The draft Investigatory Powers Bill would require telecoms companies to keep records of customers’ Web histories for up to a year, and to help security services gain access to suspects’ electronic devices.

In a joint submission to a committee of British lawmakers, Facebook, Google, Microsoft, Twitter and Yahoo said that “to the extent this could involve the introduction of risks or vulnerabilities into products or services, it would be a very dangerous precedent to set.”

They urged the government to reconsider, and warned against changes that would weaken online encryption, which they called a “fundamental security tool.”

The submission was made last month and published Thursday by the committee, which is reviewing the proposed legislation.

Apple has also objected to the British proposals, saying they could weaken online security by providing a backdoor to users’ data for “bad guys” as well as “good guys.”

The British government insists the bill won’t weaken or ban online encryption.

If approved by Parliament, the bill will let police and spies access Internet connection records — a list of websites, apps and messaging services someone has visited, though not the individual pages they looked at or the messages they sent.

Civil liberties groups have also expressed alarm at the bill. A previous version of the legislation was thrown out by lawmakers in 2013 as overly intrusive.

The government says it will set out final proposals in the spring.

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Henry Sapiecha

Britain Seeks Greater Access To Citizens’ Online Activity

Cybersecurity image www.intelagencies.com

The British government plans to make telecommunication firms keep records of every website that customers visit under a new law regulating cyber-snooping.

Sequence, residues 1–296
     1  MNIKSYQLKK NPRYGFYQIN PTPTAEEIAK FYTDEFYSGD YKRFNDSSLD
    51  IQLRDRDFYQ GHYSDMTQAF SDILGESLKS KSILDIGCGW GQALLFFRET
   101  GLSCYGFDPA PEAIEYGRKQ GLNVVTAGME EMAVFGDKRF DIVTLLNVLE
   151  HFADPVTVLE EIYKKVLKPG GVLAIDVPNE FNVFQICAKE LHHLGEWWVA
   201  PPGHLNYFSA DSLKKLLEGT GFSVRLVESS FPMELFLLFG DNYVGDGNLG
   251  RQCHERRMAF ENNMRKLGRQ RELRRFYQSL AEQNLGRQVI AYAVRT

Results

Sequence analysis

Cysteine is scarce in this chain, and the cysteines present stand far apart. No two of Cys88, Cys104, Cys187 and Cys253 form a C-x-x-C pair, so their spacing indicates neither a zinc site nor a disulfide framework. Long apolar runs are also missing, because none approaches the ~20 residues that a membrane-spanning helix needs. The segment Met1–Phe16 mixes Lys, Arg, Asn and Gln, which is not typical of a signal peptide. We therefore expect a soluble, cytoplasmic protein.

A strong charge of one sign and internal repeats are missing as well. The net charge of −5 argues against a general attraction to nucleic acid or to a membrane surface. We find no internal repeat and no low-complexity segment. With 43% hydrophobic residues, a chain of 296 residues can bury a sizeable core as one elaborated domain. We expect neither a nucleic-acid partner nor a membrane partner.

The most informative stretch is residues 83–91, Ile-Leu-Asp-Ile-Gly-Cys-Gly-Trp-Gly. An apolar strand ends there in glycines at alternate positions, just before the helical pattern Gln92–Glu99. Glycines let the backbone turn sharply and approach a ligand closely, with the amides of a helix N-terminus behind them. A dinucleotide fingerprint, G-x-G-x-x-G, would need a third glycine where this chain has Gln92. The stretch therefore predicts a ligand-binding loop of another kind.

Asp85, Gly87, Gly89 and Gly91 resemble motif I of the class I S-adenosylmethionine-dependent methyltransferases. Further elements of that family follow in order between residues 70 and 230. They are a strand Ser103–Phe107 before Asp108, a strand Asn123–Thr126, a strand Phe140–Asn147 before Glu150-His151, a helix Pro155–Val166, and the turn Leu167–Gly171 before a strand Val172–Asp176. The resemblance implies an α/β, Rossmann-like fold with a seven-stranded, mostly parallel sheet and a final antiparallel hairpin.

The draft Investigatory Powers Bill is designed to regulate authorities’ access to Internet activity, replacing a patchwork of laws, some dating from the Web’s infancy.

Home Secretary Theresa May said Wednesday that the bill would let police and spies access Internet connection records – a list of websites and social media apps someone has visited, though not the individual pages they looked at or messages they sent.

May said the data was “simply the modern equivalent of an itemized phone bill,” but civil liberties groups say it marks a big expansion of snooping powers.

The bill will be reviewed by legislators before it’s submitted to Parliament for approval.

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Henry Sapiecha

UK refuses to reveal how many lawmakers are under surveillance

UK Home secretary Theresa May did confirm that members of devolved parliaments and the European Parliament are not subject to wiretap protections.

UK home secretary Theresa May speaking on BBC radio image www.intelagencies.com

UK home secretary Theresa May speaking on BBC radio (Image: BBC/Twitter; file photo)

The UK’s home secretary Theresa May has refused to confirm how many fellow lawmakers have had their communications intercepted by British intelligence agencies.